Thursday, May 26, 2011

Hi Country, it's US, the States

What do people, dogs, and engagement rings have in common? They all come in different shapes and sizes (especially the 20 karat ones). And they aren’t alone: according to old-fashioned “reality” TV, the great states in which we live in are no exception. The History Channel is running a series on “How the States Got Their Shape.” How, you ask? Through a combination of factors including climate, geographical features (rivers, mountains), politics, and population trends.   Ten states border the Mississippi River and 13 border the Appalachians.  The larger, boxier (some might say “boring”) shape of western states reflect later settlement as developments in transportation facilitated movement west. 

These factors all continue to define the states today.  Geography and climate play major roles in U.S. economics.  The Great Lakes region is a manufacturing hub because of its water and rail transportation routes (although now South Carolina is giving these states a run for their money with tax incentives).   The mid-West is perfect for farmland because of soil deposits from Canada left by glaciers.  The economies of arid Colorado, Nevada, and California would be much different if they did not have access to the Colorado River (too bad New Mexico for coming late to the party). 

Population patterns and changing demographics between states also play a big role in the U.S. economy.  More people are leaving the Northeast.  Florida is a hub for the increasing elderly population because of the heat; immigration from Mexico and Asia has lead to a huge expansion in the Southwest (Texas has more than twice the national average of people of hispanic origin).  The effects of these factors on state economies can be seen in the available data:  wages, employment, industry, and prices all vary by state.  It is the sum of the individual states that makes up the national economic data relied upon to gage how our country is doing (read: will we be able to keep paying the bills?).  Figures released today showed that as a whole, we grew less (generated less wealth) than expected in the first 3 months of this year (1.8% over the last 3 months of 2010).  We continued to buy more from other countries than they buy from us (again, partly due to geography and distribution of natural resources) which subtracts from our wealth.  Yet look at the individual pieces (states) and we see a more dynamic picture.  For example, in 2009, at the height of the economic recession, the Great Lakes states had a larger decrease in output (“gross domestic product”) than any other region.  Oklahoma actually grew (increased output, or wealth) by 6.6% in 2009 while Nevada contracted by -6.4%.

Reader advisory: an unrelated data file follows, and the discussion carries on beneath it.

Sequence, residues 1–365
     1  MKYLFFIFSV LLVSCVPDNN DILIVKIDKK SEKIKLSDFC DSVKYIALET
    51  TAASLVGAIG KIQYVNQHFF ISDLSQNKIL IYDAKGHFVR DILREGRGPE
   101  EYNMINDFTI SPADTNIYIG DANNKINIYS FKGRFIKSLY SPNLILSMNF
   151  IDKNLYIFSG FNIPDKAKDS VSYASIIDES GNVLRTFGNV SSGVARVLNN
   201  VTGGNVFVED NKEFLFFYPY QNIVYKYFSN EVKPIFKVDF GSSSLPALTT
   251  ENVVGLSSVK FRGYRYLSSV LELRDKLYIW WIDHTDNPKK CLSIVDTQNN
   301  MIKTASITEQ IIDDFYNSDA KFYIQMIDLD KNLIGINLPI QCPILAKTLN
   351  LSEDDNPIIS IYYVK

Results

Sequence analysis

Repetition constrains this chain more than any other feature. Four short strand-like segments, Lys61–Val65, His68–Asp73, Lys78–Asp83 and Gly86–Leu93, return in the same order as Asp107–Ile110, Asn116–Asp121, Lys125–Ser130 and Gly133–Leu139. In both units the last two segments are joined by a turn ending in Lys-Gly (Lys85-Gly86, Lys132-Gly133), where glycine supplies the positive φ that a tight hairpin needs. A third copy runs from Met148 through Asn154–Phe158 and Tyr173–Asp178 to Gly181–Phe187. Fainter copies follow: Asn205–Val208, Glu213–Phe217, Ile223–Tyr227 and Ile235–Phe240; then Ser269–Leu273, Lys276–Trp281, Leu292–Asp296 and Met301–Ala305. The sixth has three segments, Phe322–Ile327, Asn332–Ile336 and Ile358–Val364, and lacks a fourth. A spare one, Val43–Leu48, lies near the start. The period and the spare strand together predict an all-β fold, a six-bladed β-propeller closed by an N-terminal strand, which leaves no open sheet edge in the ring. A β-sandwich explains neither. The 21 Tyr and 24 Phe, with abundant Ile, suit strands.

Ultimately, people go where the jobs are (read: where the money is), and where they are able to live safely and comfortably.  We must be flexible: “where the jobs are” is constantly evolving as the U.S. competes with the world to maintain our economic well-being.  For example, offshoring and large productivity gains mean those people in the Great Lakes reliant on manufacturing for work may have to consider moving or re-training.  Modern manufacturing is more high-skilled, automated, and streamlined – this could be the only way for the U.S. to compete with the world (did you see the memo: we aren’t going to win the wage battle).  Sometimes industries outlive their purpose as demographics and consumer preferences change, that is the way of it.  In this case the key is to encourage new industry growth.  (Hey, old tobacco Winston-Salem, are you listening?  Take a hint from old steel Pittsburgh.) 

Human innovation will lead the way into the future, just as in the past.  The History Channel special indicated that because of air-conditioning, people were able to settle in Texas year round.  Texas is now the proud home of 3 of the nation’s 10 largest cities, hard to imagine 100 years ago when all major cities were still east of the Mississippi.  As the world economy evolves alongside the U.S., where will the next industrial hub be? 

(Bureau of Economic Analysis, Census Bureau, History Channel)

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